Protest-Hit Ethiopian Region Plans Oil Company to Quell UnrestBy
Program part of economic initiative in volatile Oromia state
Alleged land grabs, marginalization sparked protests from 2015
A central Ethiopian region that’s seen almost two years of sporadic anti-government protests is planning a new private oil company and is in talks to import Middle Eastern crude, part of an economic initiative authorities say will address some of the roots of the unrest.
Oromia Petroleum Share Co., the planned venture, will import the oil via Djibouti, process it at a new large-scale refinery and distribute it to gas stations owned and operated by local youths, Tekele Uma, head of the region’s transport authority, said in an interview. Potentially creating more than 50,000 jobs, it will build a transportation network initially benefiting farmers and manufacturers in the Oromia region who send their products to the capital, Addis Ababa, and other cities, he said.
The company would compete with the National Oil Co., whose shareholders include Saudi Arabian billionaire Mohammed al-Amoudi. NOC is one of Ethiopia’s biggest fuel suppliers, according to a feasibility study shared by Tekele. Oromia Petroleum targets a 21 percent share of Ethiopia’s fuel market within five years of operations.
Ethiopia is ranked Africa’s fastest-growing economy by the International Monetary Fund, but unrest has threatened to derail the boom. The protests that began in Oromia in 2015 over alleged land grabs and political neglect later spread to the Amhara region, with security forces accused of killing at least 600 demonstrators, according to the Association for Human Rights in Ethiopia. The government has acknowledged there were casualties and said they included security personnel. Foreign investment slumped after protesters targeted businesses, including those owned by Nigerian billionaire Aliko Dangote.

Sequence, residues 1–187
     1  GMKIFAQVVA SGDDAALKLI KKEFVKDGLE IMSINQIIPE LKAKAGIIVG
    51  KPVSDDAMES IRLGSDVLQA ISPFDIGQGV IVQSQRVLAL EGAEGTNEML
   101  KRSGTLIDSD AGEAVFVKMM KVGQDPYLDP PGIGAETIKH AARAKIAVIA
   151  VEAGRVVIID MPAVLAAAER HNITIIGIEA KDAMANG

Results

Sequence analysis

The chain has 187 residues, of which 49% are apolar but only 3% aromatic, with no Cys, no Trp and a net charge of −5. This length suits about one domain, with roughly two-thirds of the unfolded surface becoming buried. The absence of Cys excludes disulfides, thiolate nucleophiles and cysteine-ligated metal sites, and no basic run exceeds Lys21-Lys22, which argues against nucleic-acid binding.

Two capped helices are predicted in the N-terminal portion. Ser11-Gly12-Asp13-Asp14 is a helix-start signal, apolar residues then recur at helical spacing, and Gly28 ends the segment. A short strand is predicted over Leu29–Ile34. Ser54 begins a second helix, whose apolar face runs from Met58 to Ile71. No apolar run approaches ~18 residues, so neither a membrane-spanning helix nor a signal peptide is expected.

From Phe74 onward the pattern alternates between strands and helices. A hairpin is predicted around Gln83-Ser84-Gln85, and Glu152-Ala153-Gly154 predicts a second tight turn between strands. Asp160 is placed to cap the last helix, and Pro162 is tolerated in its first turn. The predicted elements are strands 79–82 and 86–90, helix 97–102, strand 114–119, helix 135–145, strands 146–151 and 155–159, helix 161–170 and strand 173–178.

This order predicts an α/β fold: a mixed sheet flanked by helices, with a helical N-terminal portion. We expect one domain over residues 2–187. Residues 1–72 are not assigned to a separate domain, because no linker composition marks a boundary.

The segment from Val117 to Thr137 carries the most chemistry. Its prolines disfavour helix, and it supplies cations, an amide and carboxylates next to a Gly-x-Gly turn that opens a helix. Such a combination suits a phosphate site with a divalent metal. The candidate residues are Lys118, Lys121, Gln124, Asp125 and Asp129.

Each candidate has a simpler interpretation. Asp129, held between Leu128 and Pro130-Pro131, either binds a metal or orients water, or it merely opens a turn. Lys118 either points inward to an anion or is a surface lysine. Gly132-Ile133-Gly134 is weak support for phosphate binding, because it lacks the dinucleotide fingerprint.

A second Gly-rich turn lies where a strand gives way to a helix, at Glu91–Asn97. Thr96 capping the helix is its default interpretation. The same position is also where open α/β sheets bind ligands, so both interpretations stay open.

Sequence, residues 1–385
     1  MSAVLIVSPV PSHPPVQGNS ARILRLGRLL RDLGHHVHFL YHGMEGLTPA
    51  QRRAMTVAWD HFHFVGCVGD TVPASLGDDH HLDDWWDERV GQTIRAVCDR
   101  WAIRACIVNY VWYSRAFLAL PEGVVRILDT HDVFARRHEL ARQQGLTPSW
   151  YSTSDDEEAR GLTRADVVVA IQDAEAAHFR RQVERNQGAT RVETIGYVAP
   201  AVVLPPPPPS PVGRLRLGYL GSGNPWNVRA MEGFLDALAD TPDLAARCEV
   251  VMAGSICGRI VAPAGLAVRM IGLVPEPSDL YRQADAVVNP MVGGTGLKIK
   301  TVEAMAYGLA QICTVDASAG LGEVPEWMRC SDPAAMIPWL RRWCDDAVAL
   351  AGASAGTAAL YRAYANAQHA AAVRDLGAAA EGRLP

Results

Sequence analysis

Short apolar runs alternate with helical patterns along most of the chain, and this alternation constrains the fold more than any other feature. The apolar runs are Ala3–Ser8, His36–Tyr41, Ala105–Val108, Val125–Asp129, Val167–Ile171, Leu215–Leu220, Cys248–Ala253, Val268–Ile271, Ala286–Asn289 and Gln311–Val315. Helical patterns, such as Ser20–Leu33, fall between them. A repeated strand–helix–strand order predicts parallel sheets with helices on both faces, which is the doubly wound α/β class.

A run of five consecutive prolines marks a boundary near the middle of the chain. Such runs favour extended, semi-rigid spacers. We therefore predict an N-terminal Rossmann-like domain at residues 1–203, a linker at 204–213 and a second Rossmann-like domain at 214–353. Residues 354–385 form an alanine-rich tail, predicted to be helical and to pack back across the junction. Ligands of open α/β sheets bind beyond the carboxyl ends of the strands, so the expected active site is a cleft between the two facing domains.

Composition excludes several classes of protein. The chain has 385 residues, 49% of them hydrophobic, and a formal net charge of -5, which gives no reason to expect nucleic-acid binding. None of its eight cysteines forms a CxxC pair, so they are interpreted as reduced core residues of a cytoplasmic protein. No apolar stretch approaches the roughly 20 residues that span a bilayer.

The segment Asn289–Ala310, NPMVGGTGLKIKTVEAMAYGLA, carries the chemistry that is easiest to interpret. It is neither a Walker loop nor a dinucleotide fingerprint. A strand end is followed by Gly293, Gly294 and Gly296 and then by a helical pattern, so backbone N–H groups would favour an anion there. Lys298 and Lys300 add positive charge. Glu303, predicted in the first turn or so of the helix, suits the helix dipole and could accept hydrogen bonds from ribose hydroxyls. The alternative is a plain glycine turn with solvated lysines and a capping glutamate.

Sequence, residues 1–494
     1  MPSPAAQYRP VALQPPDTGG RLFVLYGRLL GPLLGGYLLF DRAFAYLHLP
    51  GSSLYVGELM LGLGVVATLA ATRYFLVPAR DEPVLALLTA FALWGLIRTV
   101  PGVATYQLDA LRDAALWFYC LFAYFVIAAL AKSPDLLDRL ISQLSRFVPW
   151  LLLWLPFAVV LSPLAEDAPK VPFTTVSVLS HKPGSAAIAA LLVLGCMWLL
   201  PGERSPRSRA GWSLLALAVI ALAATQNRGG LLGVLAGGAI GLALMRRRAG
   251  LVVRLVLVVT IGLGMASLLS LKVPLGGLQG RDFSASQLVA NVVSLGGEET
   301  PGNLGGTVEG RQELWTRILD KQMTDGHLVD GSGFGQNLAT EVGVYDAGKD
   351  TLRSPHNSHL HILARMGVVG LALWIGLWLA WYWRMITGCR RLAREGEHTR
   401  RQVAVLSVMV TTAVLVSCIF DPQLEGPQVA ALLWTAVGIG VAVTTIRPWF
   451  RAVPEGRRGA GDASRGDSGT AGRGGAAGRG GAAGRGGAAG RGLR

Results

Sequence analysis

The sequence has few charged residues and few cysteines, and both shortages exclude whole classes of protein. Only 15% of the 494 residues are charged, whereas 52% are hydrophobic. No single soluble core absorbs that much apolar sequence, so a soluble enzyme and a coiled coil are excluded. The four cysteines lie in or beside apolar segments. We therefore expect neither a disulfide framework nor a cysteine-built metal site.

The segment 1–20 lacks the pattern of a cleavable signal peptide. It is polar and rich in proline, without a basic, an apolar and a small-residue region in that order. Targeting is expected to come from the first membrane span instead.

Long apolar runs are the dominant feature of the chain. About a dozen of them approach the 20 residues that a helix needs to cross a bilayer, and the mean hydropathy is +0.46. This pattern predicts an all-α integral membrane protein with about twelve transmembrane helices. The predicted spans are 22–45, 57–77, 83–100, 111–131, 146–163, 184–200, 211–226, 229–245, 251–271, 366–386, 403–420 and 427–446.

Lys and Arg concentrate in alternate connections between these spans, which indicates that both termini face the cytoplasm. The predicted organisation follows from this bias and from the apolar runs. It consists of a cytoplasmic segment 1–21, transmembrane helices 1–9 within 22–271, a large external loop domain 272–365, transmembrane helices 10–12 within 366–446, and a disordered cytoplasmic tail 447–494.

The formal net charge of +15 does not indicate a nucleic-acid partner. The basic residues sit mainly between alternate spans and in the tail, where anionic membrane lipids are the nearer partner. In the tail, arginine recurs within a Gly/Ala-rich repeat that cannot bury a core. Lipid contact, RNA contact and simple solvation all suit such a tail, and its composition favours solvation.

The Oromo Peoples’ Democratic Organization, one of four parties that make up Ethiopia’s ruling coalition, describes the fuel project as part of an “economic revolution” that seeks to quell the discontent. After the protests, Tekele said, the OPDO “reshuffled leaders from top to bottom and said we’ll have to answer economic grievances and issues of good governance.”
Further plans will be announced in the coming weeks and months, Tekele said. He declined to name the companies in talks to supply the oil.
Oromia Petroleum seeks to capture seven percent of Ethiopia’s commercial fuel market in its first year, according to the feasibility study produced in May. Four companies currently control 90 percent of Ethiopia’s fuel market, while demand is growing at an average 7 percent a year, it said. The planned refinery, in Oromia’s Dukem town, would be linked to Djibouti by a recently completed $4.2-billion, Chinese-built railway that runs to Addis Ababa.
In its first two years, Oromia Petroleum will aim to build 80 gas stations in Oromia, the Southern Nations, Nationalities and People’s Region, and Dire Dawa — facilities that will employ 2,500 people in total, according to the study. Besides distributing fuel, the company plans to operate related businesses such as cafes, spare-part shops and mechanical workshops, it said. Within five years, Oromia Petroleum plans to expand to 165 stations across the nation, according to the study.
Ethiopia’s annual fuel consumption was about 3.5 billion liters (925 million gallons) last year, according to the feasibility study. Thirteen oil companies currently supply about 740 fuel stations in the country, with Oromia having 220, the largest concentration in all Ethiopia’s regions. The companies include Total SA, OiLibya and NOC.